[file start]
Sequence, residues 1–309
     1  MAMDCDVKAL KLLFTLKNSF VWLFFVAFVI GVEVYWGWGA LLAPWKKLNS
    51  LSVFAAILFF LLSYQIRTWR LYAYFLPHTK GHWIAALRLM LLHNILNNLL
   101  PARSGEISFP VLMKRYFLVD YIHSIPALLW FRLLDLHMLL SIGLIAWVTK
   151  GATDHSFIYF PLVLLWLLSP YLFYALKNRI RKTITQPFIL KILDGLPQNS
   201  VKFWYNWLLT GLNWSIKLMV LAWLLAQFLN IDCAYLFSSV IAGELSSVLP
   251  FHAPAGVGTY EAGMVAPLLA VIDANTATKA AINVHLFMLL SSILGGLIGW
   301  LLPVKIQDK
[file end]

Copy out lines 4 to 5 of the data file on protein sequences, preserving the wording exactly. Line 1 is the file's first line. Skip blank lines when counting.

   101  PARSGEISFP VLMKRYFLVD YIHSIPALLW FRLLDLHMLL SIGLIAWVTK
   151  GATDHSFIYF PLVLLWLLSP YLFYALKNRI RKTITQPFIL KILDGLPQNS